There’s a mention of his psychologist, of Iris Campbell, a story that would have gone far further in the season 5 that wasn’t to be and which had to be abandoned, as we shall see in the season that was. Phantom relationships, stretching forwards and backwards. Elsewhere, people are looking for John. Headlights approach. he won’t die. Neither will Chase Patterson, who will reach a hospital before the pills his half-brother forced him to take can end him. No music, just a fade to a Person of Interest caption card.

And a long, silent ascent towards our own reality, full of thought.

Person of Interest: s03 e07 – The Perfect Twist


The Biter Bit

If you did this episode as a pure procedural, a complete one-off, it would still be a brilliant example of network thriller television, although the perfect twist that seals it off might have been a little easier to foresee. But build it into the developing arc of former-Detective Joss Carter’s unbending determination to finally bring down HR, garnished with brief scenes at first and last foreboding the future that the imprisoned Root knows is coming and that Harold Finch is obdurately trying to deflect, and you have a thing of beauty and a joy forever and no mistake.

The first touch was Finch delivering breakfast to Miss Groves in her Faraday Cage, protected as always by John Reese’s presence, leaving Root little option but to sting him over the fact that the Machine talks to her, but not to Harold. “But Mommy still loves the both of us,” she summarises.

At the end, when he brings the promised extra books to read, she’s less sweet, challenging him over the coming future, a threat we all of us anticipate in our varying manners.

In between, we have the story of Hayden Price, hypnotherapist, played by Aaron Stott, Mad Men‘s Ken Cosgrove. Hayden is the Number and it doesn’t take long to determine why: he’s a crook. A conman, to be specific, soaking his patients and anyone he comes into contact with, for everything he can get out of them, thanks to questions that elicit private information, like mother’s maiden names, pet’s names, streets where they live, the sort of things that unlock bank accounts and the like.

In short, Haydenn rips off everyone,  everyone that is except Natalie Boal (Jennifer Ferrin), the woman he loves, honestly and truly.

Hayden’s created a bit of a problem for himself. He’s been setting up Swedish antiques dealer Sven Vanger for a complicated but massively lucrative scam. The Swede is money-laundering, and cleaning it by buying fake auction items for seriously top dollar put up by his clients, who get clean cash for dirty. Unfortunately for Hayden, the money belongs to HR. Doubly unfortunately for everyone in question, Hayden’s tricked the Swede into paying $4.4M for a baseball signed by the New York Yankees, including Babe Ruth and Lou Gehrig that’s actually worth $4.4M, and which the Swede sells to a street kid for $5.

That  kinda gets HR’s back up, to the extent that Alonzo Quinn, who’s previously taken the trouble to meet with Officer Carter over her suspicions about his godson’s death, kicks off at Officer Simmons. And when Simmons is kicked, he kicks downward, at Detective Terney and rookie Officer Laskey in particular. Hayden will be persuaded to return the ball – in return for the innocent Natalie.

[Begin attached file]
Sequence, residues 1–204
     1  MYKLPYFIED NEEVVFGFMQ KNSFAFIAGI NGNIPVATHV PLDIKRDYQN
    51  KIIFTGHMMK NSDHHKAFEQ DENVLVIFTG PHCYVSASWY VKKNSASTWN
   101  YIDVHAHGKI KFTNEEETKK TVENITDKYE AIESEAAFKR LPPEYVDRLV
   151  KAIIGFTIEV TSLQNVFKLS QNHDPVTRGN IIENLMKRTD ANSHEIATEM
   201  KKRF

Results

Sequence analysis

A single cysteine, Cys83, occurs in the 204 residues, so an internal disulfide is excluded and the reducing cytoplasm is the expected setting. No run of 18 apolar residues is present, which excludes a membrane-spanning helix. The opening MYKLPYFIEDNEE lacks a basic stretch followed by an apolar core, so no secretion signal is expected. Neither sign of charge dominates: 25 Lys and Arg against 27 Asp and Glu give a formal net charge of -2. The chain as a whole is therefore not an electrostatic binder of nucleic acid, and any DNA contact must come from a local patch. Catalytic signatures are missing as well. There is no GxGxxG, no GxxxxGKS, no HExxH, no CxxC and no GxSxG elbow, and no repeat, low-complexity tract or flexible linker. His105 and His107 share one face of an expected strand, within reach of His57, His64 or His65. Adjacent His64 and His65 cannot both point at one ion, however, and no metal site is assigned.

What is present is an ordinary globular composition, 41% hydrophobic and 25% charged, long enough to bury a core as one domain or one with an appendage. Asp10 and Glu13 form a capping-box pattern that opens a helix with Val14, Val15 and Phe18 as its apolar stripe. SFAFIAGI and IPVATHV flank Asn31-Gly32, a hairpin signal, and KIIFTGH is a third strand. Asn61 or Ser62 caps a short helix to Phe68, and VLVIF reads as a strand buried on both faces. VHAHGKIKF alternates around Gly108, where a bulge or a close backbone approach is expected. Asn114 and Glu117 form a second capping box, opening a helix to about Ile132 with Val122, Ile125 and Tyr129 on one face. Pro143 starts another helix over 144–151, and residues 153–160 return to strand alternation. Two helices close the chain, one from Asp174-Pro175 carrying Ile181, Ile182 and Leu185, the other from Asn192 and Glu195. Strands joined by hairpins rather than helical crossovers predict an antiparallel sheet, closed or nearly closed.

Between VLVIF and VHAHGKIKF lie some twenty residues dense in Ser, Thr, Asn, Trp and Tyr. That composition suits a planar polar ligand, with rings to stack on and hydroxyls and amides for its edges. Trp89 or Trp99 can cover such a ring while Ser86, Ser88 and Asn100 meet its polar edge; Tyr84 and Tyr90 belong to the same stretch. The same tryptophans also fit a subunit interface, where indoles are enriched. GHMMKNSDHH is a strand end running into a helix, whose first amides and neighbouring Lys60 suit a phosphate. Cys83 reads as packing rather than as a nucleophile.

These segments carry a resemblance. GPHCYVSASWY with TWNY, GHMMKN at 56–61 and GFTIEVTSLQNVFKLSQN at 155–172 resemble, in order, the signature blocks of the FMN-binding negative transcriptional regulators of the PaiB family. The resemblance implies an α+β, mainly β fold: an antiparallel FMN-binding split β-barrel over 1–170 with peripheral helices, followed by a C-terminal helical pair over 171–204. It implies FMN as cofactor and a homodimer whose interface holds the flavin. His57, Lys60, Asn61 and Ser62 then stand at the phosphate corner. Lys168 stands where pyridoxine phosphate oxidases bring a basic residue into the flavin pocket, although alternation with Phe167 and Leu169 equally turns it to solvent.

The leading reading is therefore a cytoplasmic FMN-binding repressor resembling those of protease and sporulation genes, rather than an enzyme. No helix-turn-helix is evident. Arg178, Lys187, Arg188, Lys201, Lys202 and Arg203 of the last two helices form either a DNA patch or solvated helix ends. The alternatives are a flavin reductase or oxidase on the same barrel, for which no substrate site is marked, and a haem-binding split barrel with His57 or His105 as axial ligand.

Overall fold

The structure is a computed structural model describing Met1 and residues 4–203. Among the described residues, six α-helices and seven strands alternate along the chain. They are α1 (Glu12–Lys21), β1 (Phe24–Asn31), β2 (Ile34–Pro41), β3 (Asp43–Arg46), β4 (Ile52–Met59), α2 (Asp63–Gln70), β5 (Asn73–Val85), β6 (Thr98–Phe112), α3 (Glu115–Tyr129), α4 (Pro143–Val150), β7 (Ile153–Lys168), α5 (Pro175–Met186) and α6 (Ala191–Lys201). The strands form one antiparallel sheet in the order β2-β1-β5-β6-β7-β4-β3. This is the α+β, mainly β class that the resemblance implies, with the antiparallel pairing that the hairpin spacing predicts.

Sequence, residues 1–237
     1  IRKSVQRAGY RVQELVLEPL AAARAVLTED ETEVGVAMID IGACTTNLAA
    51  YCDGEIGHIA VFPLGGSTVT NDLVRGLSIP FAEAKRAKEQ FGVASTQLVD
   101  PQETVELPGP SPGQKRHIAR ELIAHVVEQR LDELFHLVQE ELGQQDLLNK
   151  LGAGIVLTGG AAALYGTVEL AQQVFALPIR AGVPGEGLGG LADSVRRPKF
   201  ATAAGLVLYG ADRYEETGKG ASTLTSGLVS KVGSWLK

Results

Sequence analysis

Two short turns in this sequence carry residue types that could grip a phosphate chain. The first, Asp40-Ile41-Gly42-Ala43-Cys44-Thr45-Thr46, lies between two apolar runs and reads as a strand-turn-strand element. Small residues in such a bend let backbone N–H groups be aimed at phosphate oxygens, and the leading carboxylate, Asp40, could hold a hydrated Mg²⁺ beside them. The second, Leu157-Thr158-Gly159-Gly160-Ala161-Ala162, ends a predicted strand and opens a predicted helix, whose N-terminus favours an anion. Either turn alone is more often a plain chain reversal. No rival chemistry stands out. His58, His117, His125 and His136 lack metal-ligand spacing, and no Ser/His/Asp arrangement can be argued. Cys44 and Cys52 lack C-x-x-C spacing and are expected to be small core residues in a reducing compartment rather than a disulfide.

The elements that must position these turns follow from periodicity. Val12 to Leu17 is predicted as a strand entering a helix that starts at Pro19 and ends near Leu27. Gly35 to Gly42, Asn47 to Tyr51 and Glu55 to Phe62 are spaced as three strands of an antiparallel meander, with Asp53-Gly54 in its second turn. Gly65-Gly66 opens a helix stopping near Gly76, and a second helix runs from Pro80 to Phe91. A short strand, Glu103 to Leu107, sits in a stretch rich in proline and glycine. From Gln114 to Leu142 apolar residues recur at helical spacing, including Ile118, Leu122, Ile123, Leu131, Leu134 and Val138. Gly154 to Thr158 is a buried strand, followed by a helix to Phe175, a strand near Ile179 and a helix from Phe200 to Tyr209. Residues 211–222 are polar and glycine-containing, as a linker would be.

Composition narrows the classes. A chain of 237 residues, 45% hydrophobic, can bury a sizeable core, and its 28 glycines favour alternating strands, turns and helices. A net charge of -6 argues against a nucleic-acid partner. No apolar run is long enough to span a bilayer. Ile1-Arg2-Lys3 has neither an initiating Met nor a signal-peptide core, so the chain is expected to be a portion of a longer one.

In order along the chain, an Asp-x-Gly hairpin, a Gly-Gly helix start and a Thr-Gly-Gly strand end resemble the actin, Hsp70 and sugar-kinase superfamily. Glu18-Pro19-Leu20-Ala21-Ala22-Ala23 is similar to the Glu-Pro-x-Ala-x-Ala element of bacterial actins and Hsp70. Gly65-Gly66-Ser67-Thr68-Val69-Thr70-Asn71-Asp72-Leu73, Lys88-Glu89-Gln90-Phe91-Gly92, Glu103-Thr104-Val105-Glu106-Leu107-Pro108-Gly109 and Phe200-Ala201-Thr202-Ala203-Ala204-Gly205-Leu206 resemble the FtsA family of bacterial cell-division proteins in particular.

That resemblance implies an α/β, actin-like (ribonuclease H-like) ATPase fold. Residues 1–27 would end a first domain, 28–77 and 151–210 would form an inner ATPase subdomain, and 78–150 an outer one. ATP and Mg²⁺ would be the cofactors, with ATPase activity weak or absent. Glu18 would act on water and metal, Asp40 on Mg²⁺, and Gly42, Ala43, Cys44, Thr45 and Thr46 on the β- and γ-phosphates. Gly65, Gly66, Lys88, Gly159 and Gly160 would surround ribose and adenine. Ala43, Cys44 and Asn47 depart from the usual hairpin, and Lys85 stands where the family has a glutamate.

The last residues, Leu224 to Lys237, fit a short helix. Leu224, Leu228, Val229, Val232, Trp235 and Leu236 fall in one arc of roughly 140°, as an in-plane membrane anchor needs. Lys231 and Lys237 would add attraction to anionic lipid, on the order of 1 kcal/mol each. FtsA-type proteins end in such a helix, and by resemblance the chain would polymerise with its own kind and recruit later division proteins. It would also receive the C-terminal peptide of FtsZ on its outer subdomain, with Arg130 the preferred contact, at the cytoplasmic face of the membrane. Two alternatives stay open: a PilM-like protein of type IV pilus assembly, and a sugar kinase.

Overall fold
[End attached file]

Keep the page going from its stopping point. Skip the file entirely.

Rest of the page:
So Hayden turns up. Terney’s going to take him in, get the ball authenticated and then kill him, and as soon as it’s done, Laskey’s going to kill Natalie anyway.

But the forces of righteousness are on hand to avert such an outcome. Carter and Shah knock out Laskey (with his eager cooperation counting for nothing in terms of the severity of Carter’s punch) whilst Reese and Fusco intervene to rescue hayden, just when he and Terney are reverbrating with shock at the discovery that the real ball is no such thing, not if Babe Ruth’s signature is in fibre-tip pen. Hayden’s been scammed by a superior scammer – Natalie. why steal a million dollar item when you can get your boyfriend to do it for you? Pity: he did love her, but she didn’t love him.

It’s a crushing defeat for HR, and Simmons wants Laskey. He send Terney after himn and Terney finds the rookie. With Carter, handing over photos of everyone Simmons has met today. Terney pulls his gun but so does Carter. it’s a stand-off. Until Laskey tries to pull his. To Carter’s horror, Terney shoots Laskey, killing him instantly. Carter shoots Terney, fatally. He’s got maybe a minute. He can be a stand-up guy at the last, he can point out HR’s head. A bloody hand smears one photo before Terney expires. Carter looks at it in shock. She recognises Alonzo Quinn…

Person of Interest: s03 e05 – PA3ᴦOBOP (Razgovor)


Smart Kid

Now this: this is what I have been waiting for since season 3 started.

It is a Number of the Week, but in the series’ greatest fashion, it’s woven inextricably into the wider arcs, and even allowed to permeate the explosive finale, which must lead inexorably into deeper waters.